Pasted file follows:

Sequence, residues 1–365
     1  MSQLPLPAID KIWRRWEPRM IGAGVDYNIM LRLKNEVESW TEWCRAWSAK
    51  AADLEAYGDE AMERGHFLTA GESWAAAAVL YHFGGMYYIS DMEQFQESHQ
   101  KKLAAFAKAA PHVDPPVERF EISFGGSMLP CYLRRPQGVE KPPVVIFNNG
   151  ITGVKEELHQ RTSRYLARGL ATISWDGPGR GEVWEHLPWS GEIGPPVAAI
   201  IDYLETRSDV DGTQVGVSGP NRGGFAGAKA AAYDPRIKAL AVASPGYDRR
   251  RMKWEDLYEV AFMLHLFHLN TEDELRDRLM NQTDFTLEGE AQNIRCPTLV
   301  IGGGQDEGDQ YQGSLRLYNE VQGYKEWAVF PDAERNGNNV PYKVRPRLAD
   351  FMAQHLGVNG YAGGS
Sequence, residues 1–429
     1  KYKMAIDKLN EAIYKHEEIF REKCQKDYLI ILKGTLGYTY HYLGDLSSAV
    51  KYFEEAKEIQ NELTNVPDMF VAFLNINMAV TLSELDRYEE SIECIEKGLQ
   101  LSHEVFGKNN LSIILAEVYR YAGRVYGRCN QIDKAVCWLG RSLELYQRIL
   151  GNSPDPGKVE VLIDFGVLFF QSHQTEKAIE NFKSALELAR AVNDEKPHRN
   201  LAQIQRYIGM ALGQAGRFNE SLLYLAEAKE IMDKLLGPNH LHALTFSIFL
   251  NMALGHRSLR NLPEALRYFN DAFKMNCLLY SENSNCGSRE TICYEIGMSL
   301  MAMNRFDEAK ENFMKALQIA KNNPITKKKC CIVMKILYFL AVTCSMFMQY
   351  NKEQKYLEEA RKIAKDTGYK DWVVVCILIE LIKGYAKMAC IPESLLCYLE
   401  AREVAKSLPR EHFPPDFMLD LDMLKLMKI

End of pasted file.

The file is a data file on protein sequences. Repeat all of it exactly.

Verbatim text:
Sequence, residues 1–365
     1  MSQLPLPAID KIWRRWEPRM IGAGVDYNIM LRLKNEVESW TEWCRAWSAK
    51  AADLEAYGDE AMERGHFLTA GESWAAAAVL YHFGGMYYIS DMEQFQESHQ
   101  KKLAAFAKAA PHVDPPVERF EISFGGSMLP CYLRRPQGVE KPPVVIFNNG
   151  ITGVKEELHQ RTSRYLARGL ATISWDGPGR GEVWEHLPWS GEIGPPVAAI
   201  IDYLETRSDV DGTQVGVSGP NRGGFAGAKA AAYDPRIKAL AVASPGYDRR
   251  RMKWEDLYEV AFMLHLFHLN TEDELRDRLM NQTDFTLEGE AQNIRCPTLV
   301  IGGGQDEGDQ YQGSLRLYNE VQGYKEWAVF PDAERNGNNV PYKVRPRLAD
   351  FMAQHLGVNG YAGGS
Sequence, residues 1–429
     1  KYKMAIDKLN EAIYKHEEIF REKCQKDYLI ILKGTLGYTY HYLGDLSSAV
    51  KYFEEAKEIQ NELTNVPDMF VAFLNINMAV TLSELDRYEE SIECIEKGLQ
   101  LSHEVFGKNN LSIILAEVYR YAGRVYGRCN QIDKAVCWLG RSLELYQRIL
   151  GNSPDPGKVE VLIDFGVLFF QSHQTEKAIE NFKSALELAR AVNDEKPHRN
   201  LAQIQRYIGM ALGQAGRFNE SLLYLAEAKE IMDKLLGPNH LHALTFSIFL
   251  NMALGHRSLR NLPEALRYFN DAFKMNCLLY SENSNCGSRE TICYEIGMSL
   301  MAMNRFDEAK ENFMKALQIA KNNPITKKKC CIVMKILYFL AVTCSMFMQY
   351  NKEQKYLEEA RKIAKDTGYK DWVVVCILIE LIKGYAKMAC IPESLLCYLE
   401  AREVAKSLPR EHFPPDFMLD LDMLKLMKI